British Columbia

Tofino whale-watching boat capsize sparks calls for more regulation

As the whale-watching boat that capsized near Tofino, B.C., was towed out of the watery depths for close inspection by Transportation Safety Board investigators, marine experts are calling for more rigorous safety inspections.

Another marine expert says there should be more inspections of passenger vessels

MV Leviathan II accident leads experts to call for better regulation and more inspections of passenger vessels 2:29

As the whale-watching boat that capsized near Tofino, B.C., was towed out of the watery depths on Thursday for close inspection by Transportation Safety Board investigators, another marine expert was calling for more rigorous safety inspections. 

"We have to go back, step one, and look at what kind of stability requirements are needed for cruise vessels, touring vessels, to ensure this doesn't happen again," said UBC professor of marine engineering Jon Mikkelson.

Naval architects like Mikkelson are asking if the design of the MV Leviathan ll was the right one for the ocean conditions off Tofino, or if modifications to its structure contributed to Sunday's tragic accident.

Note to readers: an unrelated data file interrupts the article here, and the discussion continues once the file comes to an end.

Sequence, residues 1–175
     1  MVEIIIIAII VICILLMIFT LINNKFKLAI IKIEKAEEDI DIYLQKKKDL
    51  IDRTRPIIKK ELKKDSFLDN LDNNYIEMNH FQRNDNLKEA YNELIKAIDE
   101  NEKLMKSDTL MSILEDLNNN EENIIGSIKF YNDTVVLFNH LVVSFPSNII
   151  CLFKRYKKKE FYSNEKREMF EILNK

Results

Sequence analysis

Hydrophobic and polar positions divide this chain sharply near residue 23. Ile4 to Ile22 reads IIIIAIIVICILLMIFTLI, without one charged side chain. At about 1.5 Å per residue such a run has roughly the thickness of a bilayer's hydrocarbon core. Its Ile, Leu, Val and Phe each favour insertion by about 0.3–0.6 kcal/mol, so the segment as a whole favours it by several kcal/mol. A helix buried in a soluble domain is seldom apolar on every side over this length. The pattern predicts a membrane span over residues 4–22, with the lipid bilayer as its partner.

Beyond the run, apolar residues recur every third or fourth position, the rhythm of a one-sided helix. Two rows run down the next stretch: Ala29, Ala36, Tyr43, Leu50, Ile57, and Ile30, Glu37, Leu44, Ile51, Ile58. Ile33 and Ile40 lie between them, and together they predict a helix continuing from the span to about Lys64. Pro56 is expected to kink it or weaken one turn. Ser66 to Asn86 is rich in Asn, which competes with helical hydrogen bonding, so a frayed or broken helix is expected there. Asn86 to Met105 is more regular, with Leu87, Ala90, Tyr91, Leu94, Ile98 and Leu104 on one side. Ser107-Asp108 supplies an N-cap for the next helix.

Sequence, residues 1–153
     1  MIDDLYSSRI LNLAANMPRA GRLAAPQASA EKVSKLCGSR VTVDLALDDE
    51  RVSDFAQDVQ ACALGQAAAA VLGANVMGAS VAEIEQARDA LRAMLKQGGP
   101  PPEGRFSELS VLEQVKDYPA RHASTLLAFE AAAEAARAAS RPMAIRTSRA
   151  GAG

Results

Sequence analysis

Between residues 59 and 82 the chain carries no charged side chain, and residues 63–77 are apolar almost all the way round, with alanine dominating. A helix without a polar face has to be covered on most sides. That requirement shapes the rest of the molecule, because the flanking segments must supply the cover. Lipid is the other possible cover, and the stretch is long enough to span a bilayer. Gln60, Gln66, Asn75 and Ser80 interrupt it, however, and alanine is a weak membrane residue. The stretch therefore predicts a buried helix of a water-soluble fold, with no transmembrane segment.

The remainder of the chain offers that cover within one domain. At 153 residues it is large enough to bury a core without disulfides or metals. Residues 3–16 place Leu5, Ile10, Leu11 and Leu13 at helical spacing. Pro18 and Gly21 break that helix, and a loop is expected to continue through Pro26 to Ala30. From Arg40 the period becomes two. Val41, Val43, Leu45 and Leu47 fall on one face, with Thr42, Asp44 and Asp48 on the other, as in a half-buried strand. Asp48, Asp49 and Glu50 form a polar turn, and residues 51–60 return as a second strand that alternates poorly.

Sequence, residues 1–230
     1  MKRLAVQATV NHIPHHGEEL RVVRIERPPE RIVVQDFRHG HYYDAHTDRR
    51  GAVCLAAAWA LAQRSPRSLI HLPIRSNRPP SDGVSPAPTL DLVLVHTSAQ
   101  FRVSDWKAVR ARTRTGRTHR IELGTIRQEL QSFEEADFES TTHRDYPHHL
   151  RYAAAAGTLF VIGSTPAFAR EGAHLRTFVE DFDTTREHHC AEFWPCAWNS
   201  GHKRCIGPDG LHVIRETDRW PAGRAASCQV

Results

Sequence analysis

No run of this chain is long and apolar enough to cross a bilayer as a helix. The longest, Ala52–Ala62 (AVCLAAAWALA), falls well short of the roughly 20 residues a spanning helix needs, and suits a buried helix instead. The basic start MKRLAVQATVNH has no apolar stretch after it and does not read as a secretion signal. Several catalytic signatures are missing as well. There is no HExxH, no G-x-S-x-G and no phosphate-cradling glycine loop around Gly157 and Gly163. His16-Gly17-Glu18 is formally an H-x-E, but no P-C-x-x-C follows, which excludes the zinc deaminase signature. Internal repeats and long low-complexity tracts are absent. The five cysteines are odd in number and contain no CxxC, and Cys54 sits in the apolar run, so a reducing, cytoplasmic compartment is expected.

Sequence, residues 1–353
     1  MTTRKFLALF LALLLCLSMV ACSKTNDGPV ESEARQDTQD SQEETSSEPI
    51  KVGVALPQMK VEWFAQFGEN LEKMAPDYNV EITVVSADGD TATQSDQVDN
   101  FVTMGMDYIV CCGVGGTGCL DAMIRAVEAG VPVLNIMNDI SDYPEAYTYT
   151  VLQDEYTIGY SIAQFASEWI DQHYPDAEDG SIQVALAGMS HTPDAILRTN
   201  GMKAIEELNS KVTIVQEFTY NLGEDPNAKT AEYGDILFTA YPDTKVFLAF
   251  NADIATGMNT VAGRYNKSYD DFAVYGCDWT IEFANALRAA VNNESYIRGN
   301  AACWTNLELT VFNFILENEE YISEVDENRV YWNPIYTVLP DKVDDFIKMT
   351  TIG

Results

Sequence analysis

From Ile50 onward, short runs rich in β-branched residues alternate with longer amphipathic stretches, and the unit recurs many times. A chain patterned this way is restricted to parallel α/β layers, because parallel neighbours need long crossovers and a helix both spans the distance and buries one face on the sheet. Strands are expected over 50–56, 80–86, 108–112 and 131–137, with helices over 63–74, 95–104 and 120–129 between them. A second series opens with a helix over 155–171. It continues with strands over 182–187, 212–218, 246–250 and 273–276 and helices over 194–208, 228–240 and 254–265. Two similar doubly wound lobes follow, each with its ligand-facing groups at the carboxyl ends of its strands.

The Transportation Safety Board said most of the passengers were crowded on one side of the outside deck, which may have destabilized the vessel when it was hit by a wave from the opposite side, killing six people. 

Previous modifications

Records show the MV Leviathan II was originally built in 1981 as a tug boat. It was modified in 1996 — lengthened and refitted with an upper passenger deck — when it was sold to Jamie's Whaling Station, the company operating it when it crashed last Sunday.

But Mikkelson says the vessel was more likely a crew boat for forestry workers originally, which wouldn't have made it a good candidate for conversion to a tour boat. 

UBC professor of marine engineering Jon Mikkelson says more regulations of marine vessels are needed. (CBC)

"It's designed to be a rugged vessel on the coast, but in many ways it's not designed to have people standing up on an observation deck," said Mikkelson. 

Transport Canada confirmed the boat had been modified, and said the owner prepared two different types of stability assessments at that time.

Mikkelson says federal regulations and inspections may need to change to ensure redesigned vessels are safe. 

"An annual inspection would be excessive, but a periodic stability assessment, especially for passenger-carrying vessels like this one, would be something that should be considered," said Mikkelson.

On Wednesday, nautical training instructor Capt. Ivan Oxford said modifications to the MV Leviathan II raised concerns about its stability.

With files from Eric Rankin


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